The philosophical foundation that Christian Science rests upon is the elementary affirmation that if everything comes from God then it is to him that we must turn to evoke the same creative force for the benefit of men. Therefore, there is no need for the theological folly of miracles, but rather concrete action within a framework of natural and divine laws.

Kremmerz set up a series of principals or heads of the chains among sectors where applications for specific interventions had to be addressed. Kremmerz states that he never considered founding a religion like Christian Science; but his secular thesis falls if one considers that de facto he laid all the premises for a faith: invocations to deities, belief in genies (eons), faith in reincarnation, prayers, and rituals. What more would you want from an external point of view?

Then, that the Myriam was intended both as a philosophy and an (attempted) school of initiation, though ultimately that philosophy did not penetrate into the external core of the organization. His denials, well known to the writer, do not carry much weight. Would it have been better if a religious sect had been founded that would have survived his existence!

Both the Myriam and Christian Science converge on a common point: that there is no matter-spirit dualism. On the one hand there is a mutable matter and on the other the spirit that affects matter and results in a miracle, in violation of its laws; but there is a unicum, with gradations of reciprocal action-reaction between matter and spirit.

The spirit materializes and matter is spiritualized; but not because they are separate entities, but rather as functions of a cosmic unicum. The divergences between Christian Science and the Myriam are revealed by the willed nature of the healing event. A will-based intervention operates to a lesser extent within the religious form of Christian Science and to a maximum extent within magical chains.

However, even in the Christian Science chain there is a certain voluntary nature, since the genial figure of the practitioner directs his will to channel the chain’s flow of energy. Among other commonly practiced religious chains the healing will or desire is indirectly married to the image of the Madonna or saint invoked. This type of intervention directs the healing will, and prevents it from deviating, to the sick who pray on their own behalf.

As a rule, priests do not perform gestures or rituals as a means of projecting a certain will on the patient. Exorcisms are an exception, which, perhaps could be considered as a demonological pagan residue tolerated by the Catholic Church, but here there is no instance of an active chain, except in some rituals for the obsessed. Kremmerz, on the other hand, encourages direct projections on the patient, with special rituals known as “inserting the patient within the chain,” for which a direct intervention was required; and here the element of voluntariness among the recipient (patient) is essential.

Within the Kremmerzian healing practice, patients must vibrate in unison with the healing chain, in an active and conscious vibration. A pietistic and lamenting attitude in the patient reduces the possibilities of the chain’s intervention, because with the supplications and lamentations the inferior part of the patient’s being emerges, which obfuscates contact with the occult sphere of the patient.

From the Hermetic point of view, religious precepts are gross energies without the requisite condensation and refinement of ritual. Therefore, their effects are limited quantitatively and qualitatively. In essence, there is a difference between a chain that is psychologically aligned more toward a Christian Science religious type, rather than with a Hermetic therapeutic type. The difference lies in the fact that the former is crude and not specifically directed toward a cure, while the latter, to a greater or lesser degree, are (energetically) refined chains with specific therapeutic orientations.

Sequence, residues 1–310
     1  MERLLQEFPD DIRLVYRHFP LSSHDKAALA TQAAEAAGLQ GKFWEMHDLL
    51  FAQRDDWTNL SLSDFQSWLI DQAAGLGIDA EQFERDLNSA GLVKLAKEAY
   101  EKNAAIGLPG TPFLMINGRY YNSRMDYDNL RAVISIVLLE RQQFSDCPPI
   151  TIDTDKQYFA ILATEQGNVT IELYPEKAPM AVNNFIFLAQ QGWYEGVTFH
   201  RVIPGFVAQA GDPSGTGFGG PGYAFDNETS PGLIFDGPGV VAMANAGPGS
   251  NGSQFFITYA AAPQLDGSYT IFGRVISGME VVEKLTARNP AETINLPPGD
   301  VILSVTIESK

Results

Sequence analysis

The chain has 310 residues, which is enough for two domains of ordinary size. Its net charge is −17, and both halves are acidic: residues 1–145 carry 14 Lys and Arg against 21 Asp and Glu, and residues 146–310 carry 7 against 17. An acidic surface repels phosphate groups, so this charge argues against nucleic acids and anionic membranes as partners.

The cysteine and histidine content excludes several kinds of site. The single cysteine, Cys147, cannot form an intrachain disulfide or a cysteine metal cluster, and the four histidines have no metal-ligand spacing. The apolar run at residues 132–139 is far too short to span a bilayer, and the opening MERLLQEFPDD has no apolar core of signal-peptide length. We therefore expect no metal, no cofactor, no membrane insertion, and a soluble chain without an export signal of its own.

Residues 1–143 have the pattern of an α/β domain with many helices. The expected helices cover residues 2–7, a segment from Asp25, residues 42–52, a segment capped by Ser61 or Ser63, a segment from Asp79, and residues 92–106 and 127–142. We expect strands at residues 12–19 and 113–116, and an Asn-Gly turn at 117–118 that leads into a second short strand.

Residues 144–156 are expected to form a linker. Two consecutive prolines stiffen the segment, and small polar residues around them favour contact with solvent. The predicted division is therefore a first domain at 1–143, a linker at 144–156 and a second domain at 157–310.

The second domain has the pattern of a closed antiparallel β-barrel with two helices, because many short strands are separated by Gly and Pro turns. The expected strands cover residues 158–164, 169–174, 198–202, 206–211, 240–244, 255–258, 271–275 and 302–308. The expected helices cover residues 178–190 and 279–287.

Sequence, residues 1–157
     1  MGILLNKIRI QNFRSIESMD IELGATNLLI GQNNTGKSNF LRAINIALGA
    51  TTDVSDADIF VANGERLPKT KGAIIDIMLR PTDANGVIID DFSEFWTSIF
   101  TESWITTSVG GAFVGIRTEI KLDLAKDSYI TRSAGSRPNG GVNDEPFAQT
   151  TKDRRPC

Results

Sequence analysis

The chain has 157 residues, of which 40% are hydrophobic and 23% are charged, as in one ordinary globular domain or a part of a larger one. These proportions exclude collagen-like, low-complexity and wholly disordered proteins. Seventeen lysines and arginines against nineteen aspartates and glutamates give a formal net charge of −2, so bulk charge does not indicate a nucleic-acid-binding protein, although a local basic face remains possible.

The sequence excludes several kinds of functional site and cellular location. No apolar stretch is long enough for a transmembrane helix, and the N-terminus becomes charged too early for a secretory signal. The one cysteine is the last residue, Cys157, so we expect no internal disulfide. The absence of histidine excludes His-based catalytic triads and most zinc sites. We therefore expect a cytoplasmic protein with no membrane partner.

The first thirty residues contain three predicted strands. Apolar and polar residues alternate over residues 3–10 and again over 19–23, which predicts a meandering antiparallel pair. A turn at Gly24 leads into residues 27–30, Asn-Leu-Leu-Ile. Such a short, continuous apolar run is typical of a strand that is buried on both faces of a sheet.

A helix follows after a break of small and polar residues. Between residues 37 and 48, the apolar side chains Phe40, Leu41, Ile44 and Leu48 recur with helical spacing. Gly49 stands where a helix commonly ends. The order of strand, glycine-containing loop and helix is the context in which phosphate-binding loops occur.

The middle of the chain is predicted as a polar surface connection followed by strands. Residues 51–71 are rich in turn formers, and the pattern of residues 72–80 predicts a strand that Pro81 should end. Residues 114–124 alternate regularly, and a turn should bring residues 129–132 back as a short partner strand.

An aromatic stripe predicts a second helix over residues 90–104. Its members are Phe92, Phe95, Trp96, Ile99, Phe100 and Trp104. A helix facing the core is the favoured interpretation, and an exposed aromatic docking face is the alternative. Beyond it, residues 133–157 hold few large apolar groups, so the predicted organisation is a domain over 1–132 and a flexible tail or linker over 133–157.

The principles of Hermetic medicine are based on the concepts of positive, neutral, and negative treatments. In Hermetic therapy, the prototype of positive treatment, it is solar magic that acts on the disease by clearing it away from the patient and restoring the affected organ to its original healthy state.

The prototype of the negative treatment is the passive action of the chain, through the evoked intervention of therapeutic entities, as proposed by Kremmerz in 1898 (in hisHermetic Medicine).

The prototype of the neutral treatment occurs through the combined action of invocations from the chain and from the emanation of a fluidic quid that arises in the presence of evoked entities. This action can also be said to be mixed because it is not possible to establish to what extent the active and autonomous entity in therapeutics is then passive, that is, obedient to specific exhortations of Isiac operators; and vice versa, up to what point is the passive chain in the invoked intervention then active in releasing the universal energy that is focused on the patient.

Each of these prototypes in turn branches into three types of application:

1. Direct or positive;

2. Mixed or neutral;

3. Indirect or relatively negative, since it does not initiate direct or indirect or absolute or mixed action in equal proportions. As well, in common medicine the three components of the therapeutic action can be distinguished.

An action is considered positive when an intervention is proposed to kill microbes or viruses; it is considered negative if it carries out a purificatory action on the organ, or remediation of the sick organ. It is a mixed or indirect modality to the extent that it fortifies the organism, reinvigorates it to the extent that it sets off the necessary reactions for healing. Such types of medical interventions can be classified as antibacterial, invigorating, and detoxifying.